The mind is, in the words of The Dhammapada, “the beast that draws the cart.” Mind is the primary operator, the seat of agency, occupied simultaneously by self and other. Teaching plays a pivotal role in one day’s shaping of the next. Mind in real-time recreates self and other. Our goal shouldn’t be reason asserting itself over passion. The non-human, daimonic dimension of reality is not to be tampered with. It is a realm of inexhaustible wonder. It is to be revered. A dimension of dynamic unrest: concealment, de-concealment, discovery. Good News. Truth alongside the Mountain of Seven Vultures. Can reverence and wonder co-exist with the kind of wish where you write it down and make it happen? Ralph Waldo Emerson seemed to think so. “Once you make a decision,” he claimed, “the universe conspires to make it happen.” Let us wish for Jubilee. Or whatever leads to Satchidananda. The Dhammapada, however, counsels me to conquer thoughtlessness by watchfulness. “Tell the Truth,” commands a sign on a wall. Speak a few words and then live them.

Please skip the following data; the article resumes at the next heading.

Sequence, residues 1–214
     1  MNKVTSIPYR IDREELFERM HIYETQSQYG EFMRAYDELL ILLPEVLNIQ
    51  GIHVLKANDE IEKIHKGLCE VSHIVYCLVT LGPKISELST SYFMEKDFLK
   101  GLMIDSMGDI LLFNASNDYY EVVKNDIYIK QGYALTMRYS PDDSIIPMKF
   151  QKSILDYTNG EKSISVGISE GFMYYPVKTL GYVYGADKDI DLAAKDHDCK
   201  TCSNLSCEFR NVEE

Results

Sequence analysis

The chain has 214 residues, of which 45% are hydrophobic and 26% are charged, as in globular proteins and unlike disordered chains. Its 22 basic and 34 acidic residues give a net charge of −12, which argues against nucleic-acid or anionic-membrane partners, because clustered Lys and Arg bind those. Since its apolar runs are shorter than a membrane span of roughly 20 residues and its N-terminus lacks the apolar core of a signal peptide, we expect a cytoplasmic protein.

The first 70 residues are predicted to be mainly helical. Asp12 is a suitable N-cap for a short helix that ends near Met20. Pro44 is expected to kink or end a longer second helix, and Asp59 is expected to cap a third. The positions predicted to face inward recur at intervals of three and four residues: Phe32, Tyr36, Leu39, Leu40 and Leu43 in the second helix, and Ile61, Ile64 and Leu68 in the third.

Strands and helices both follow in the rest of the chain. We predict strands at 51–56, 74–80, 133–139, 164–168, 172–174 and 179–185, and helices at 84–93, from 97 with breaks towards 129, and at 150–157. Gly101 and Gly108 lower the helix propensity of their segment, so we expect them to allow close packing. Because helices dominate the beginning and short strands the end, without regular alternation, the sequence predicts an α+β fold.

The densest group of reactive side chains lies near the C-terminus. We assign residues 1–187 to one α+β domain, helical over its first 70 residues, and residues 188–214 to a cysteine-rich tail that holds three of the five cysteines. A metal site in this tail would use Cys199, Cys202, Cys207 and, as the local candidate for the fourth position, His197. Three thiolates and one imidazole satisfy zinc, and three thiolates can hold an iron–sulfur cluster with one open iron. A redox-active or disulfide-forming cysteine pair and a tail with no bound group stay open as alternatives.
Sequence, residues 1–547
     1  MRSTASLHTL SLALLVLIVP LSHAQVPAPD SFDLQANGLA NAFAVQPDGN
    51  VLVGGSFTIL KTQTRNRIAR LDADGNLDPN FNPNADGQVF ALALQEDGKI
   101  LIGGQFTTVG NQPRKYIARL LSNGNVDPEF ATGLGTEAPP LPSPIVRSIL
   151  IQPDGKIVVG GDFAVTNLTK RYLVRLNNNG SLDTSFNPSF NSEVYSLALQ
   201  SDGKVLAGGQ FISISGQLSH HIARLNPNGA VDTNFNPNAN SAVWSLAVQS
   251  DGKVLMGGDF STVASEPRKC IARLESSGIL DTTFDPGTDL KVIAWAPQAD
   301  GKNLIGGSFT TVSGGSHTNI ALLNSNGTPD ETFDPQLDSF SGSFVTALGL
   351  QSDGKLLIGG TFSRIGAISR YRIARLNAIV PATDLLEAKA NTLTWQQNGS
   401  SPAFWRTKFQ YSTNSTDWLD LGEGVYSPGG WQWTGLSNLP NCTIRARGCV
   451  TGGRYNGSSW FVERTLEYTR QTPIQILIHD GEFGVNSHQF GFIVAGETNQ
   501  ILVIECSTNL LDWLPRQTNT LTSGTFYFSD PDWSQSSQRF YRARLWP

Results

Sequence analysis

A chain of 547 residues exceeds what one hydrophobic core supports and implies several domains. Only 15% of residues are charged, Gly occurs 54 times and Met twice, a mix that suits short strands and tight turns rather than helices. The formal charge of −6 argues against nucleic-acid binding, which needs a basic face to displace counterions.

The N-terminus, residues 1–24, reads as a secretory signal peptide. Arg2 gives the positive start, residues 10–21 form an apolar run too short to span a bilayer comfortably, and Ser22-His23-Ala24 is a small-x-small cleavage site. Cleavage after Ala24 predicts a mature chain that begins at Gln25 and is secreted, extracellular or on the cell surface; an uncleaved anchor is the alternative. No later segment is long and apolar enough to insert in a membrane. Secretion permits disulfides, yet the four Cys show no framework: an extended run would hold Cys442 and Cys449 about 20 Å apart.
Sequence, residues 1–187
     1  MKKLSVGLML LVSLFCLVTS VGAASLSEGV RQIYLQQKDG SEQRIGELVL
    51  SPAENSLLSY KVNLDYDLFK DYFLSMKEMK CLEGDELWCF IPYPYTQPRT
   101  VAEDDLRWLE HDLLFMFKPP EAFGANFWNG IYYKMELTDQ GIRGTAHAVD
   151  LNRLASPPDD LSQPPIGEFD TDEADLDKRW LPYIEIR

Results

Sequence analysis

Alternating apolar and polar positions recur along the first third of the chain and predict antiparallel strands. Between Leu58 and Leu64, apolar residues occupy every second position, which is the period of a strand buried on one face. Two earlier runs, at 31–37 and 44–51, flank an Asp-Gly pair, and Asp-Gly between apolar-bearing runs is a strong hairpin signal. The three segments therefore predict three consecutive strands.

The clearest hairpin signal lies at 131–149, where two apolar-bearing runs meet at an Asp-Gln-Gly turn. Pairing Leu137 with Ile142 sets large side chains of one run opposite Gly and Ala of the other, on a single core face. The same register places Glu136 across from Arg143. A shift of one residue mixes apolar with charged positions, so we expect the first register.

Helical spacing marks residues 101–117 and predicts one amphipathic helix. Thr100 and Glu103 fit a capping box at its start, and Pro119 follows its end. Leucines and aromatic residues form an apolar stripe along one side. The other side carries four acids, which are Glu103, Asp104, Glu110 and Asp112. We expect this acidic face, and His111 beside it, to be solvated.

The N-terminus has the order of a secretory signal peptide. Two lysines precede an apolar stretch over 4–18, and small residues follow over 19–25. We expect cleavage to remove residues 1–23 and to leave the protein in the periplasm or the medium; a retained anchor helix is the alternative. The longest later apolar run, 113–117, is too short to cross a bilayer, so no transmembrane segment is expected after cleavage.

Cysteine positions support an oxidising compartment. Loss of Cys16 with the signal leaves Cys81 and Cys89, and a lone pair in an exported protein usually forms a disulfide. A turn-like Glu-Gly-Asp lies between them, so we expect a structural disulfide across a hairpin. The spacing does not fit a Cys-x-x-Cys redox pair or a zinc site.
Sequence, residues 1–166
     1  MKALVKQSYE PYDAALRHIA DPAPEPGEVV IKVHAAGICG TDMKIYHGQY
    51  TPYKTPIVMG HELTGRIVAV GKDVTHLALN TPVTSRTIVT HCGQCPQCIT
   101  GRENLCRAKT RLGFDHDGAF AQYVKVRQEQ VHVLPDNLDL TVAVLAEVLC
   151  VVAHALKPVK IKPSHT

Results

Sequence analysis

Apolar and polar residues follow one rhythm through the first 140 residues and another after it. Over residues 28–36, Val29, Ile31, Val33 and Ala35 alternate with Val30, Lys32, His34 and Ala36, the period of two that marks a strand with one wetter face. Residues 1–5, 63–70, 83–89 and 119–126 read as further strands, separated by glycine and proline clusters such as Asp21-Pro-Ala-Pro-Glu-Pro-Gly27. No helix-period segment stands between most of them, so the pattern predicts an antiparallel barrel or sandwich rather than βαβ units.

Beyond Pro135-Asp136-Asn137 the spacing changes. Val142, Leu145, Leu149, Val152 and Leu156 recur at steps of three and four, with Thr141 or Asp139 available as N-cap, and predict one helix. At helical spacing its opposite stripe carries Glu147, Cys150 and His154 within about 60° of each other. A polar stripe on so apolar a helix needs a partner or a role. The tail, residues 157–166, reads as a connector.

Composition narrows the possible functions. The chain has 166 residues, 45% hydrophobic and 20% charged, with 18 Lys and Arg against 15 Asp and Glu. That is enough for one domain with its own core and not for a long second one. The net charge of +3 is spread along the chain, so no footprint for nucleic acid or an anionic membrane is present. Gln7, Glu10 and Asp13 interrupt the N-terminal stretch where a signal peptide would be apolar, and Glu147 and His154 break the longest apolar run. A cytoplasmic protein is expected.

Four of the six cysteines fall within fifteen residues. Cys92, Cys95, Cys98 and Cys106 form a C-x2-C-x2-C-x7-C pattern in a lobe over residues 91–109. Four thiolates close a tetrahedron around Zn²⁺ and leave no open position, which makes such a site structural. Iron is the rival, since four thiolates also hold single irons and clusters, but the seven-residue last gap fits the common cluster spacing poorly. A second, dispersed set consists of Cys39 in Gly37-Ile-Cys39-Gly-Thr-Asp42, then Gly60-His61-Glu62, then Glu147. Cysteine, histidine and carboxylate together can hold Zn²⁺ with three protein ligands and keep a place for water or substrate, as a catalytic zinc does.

Blue jays, sparrows, robins, squirrels: beings with whom I cohabit a rented plot of land, among similar plots of land, in a residential grid laid atop the hills of a small urban settlement. Behavior-control within these settlements benefits from a traitorous science, instrumental reason turned back upon consciousness, nature Elon-Muskified so that even the buzz of one’s cellphone has been market-tested, designed by corporate-governed Others to rattle nerves and redirect awareness. Time for a cleanse. Healthy living. Grapes grow over a neighbor’s fence, near-ripe as Sarah and I case the usual several-block radius around our house on a gummy, ninety degree evening. My thoughts cycle back to the horrors of our time: armed fascists, detention camps, trade wars, corporate control of most facets of life, entrapment via student debt. Big Data capitalism’s deliberate negation, in other words, of nearly all utopian possibility. With effort, though, I can steer my concentration back to my breath and the beauty of my immediate surroundings. This redirection of thought through interaction of set and setting with volition reminds me of the virtues of form.